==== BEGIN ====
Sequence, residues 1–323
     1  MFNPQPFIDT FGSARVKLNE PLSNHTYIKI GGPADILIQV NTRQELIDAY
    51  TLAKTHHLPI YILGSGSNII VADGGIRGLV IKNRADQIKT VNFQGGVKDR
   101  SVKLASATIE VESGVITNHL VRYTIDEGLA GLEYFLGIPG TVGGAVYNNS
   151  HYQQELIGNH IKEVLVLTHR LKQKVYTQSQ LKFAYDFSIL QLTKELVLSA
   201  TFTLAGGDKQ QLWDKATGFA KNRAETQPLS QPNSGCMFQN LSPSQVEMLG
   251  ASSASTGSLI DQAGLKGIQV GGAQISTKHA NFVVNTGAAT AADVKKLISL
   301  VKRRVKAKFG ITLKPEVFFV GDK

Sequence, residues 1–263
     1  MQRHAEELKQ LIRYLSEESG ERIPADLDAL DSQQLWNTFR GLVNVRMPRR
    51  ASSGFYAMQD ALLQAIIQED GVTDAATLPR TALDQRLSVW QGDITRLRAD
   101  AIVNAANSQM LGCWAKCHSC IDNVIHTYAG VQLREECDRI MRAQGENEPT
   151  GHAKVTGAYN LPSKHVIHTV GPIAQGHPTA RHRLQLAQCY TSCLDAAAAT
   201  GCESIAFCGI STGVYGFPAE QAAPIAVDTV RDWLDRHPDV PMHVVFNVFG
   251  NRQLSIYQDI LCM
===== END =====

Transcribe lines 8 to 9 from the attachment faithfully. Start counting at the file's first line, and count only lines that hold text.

   301  VKRRVKAKFG ITLKPEVFFV GDK

Sequence, residues 1–263